“Right,” the first guy says. “I’m in the market for monkeys. Anyone that can bring me monkeys will get ten quid a head for them.”

“Deal!” say the villagers, and off they scurry. Soon, the two strangers are inundated with monkeys.

“Right,” says the first guy when the cage is filled. “That’s a lot of monkeys. I’d like more, but I appreciate they’re in short supply at the moment. So, if you can find any more, I’ll pay you twenty quid a head.”

“Deal”, say the villagers, and off they scurry. They return, with a much reduced haul.

“Now,” says the guy when he’s jammed the monkeys into his cage. “I’m a fool to myself, but I loves me the monkeys. So, if aaaanyone can find me any more of those adorable little furry primates, I will pay them fifty quid a head.”

“Deal!” say the villagers, and off they scurry. This time, most return empty-handed. A couple have scavenged up some scrawny-looking specimens, but on the whole it looks like the village is out of monkeys.

“What a shame,” says the first guy. “Tell you what. The weekend’s coming up. I’m going to take a day or so to take care of some other bits of business. I’ll leave my assistant with you to finish off the paperwork, and make sure things are straight and even. You never know, you might find some more monkeys in the meantime.”

And off he goes.

“You seem like nice, financially astute people,” says the assistant later that day. “So I want to share an idea with you. How about you buy all your monkeys back from me for oh, I dunno, say 35 quid a head. Then when my boss comes back on Monday, you’ve got a fresh new supply of primates to sell him at fifty quid a pop. You’ll make a fortune!”

“Deal!” say the villagers, and buy back all their monkeys at thirty five quid a head.

“Excellent!” says the assistant. “Now, I just have to confer with my boss about something completely unrelated to this deal, and I’ll be back to conclude our business on Monday with him.”

And off he goes.

And the villagers never see anything of the pair of them again.

And that, my Readership, is how unscrupulous financiers go about shorting stocks.

Seems a lot like a cheap, dodgy con, don’t it?

Further:

Douglas Rushkoff gives more background to the fun and frolics of the financial marketplace. Moreover, he actually uses plain English, and makes sense. Which, these days, is a bit of a godsend.

Sick Sick Sick

Parry, pre-purge.
Parry, pre-purge.

You’ve got to admire the sheer gall, if you’ll excuse the pun. After Bruce Parry’s Amazon was accoladed to the skies last week, it seemed like the smiley ex-Marine could do no wrong. He’d come up with a perfect bit of telly, thrilling, moving and thoughtful.
So how does he follow up last weeks masterful episode? By spending most of it throwing up, noisily and on camera. I had to turn the show off after half an hour, especially as I was becoming uncomfortably reminded of the bout of food poisoning I’d suffered over the weekend.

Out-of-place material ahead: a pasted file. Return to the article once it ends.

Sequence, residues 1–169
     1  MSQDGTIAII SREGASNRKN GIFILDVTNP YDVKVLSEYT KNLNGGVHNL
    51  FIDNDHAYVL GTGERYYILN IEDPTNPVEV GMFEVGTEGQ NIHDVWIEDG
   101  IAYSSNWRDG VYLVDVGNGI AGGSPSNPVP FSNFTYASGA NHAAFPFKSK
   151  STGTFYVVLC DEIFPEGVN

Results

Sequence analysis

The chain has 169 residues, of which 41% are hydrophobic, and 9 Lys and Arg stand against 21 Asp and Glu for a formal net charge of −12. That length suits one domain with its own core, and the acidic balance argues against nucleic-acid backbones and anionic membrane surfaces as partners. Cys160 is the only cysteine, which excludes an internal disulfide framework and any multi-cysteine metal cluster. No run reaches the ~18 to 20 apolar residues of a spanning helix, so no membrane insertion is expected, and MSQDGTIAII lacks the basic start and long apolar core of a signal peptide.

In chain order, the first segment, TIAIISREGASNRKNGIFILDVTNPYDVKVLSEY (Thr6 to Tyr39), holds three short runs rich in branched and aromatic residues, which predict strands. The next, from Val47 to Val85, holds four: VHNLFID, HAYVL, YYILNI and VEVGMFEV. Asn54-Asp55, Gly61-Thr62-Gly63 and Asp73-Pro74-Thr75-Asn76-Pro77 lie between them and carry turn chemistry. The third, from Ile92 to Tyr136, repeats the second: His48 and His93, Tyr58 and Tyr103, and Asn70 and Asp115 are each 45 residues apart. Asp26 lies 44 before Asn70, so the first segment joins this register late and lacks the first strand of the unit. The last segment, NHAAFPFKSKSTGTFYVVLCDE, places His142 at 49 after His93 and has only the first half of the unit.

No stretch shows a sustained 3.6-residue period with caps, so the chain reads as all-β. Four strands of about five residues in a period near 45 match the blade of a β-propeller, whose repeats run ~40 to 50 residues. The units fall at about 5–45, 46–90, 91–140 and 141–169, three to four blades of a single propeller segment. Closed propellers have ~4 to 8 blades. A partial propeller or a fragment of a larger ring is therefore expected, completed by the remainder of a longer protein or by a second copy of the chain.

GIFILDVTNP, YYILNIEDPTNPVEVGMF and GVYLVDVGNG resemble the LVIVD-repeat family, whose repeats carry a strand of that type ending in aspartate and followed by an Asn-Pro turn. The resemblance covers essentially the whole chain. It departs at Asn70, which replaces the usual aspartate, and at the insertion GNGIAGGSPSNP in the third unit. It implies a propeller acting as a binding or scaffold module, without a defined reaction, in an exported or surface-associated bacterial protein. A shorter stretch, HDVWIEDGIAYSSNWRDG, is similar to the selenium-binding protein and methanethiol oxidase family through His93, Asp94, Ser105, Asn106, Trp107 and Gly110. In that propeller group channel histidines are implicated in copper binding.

Shame, really. I was quite looking forward to seeing Bruce in a dress, which had been promised in the trails. Actually, thinking about it, that might have brought on my own Achuar purging ritual.
You do have to wonder about a tribe that thinks it’s natural and healthy to throw up copiously every single morning. It seems like officially santioned bulimia to me. It was certainly clear that the regime wasn’t doing Bruce any favours. I’m really in no place to comment on the rights and wrongs of other cultures, but I don’t think that’s something I’ll be trying any time soon. It’d ruin the taste of my morning coffee, for one thing.
I wonder how long it’ll take an Internet scamp to edit out everything but the puking and put the unexpurgated highlights up on YouTube? End of the day?

Thieving Bastard

I think theres room for another lock there...
I think there's room for another lock there...

Somewhere, some merciless little shit is building himself a bike, using bits he can scavenge from other cycles. Mine, mostly. So far, he’s taken my front wheel (and had the cheek to leave his battered old wheel in part exchange) and, on Friday, my saddle. I haven’t cycled home standing up since I was about ten and let me tell you, readership, it’s great for the thighs but Nether Gods, can you feel it afterwards.

Now, it’s entirely likely that I’ve just been unlucky and I’m not being targeted at all. But that’s not the way I feel at the moment, and I’m completely paranoid about leaving the bike anywhere, regardless of how well secured I’ve made it. I can’t afford a new saddle until payday anyway, which means I’m stuck with a bus trip in, or walking to the station. Neither option appeals especially.

I just feel a bit hopeless and a bit silly. And a lot angry.

I wonder how hard it would be to hack an AutoTaser for bike use?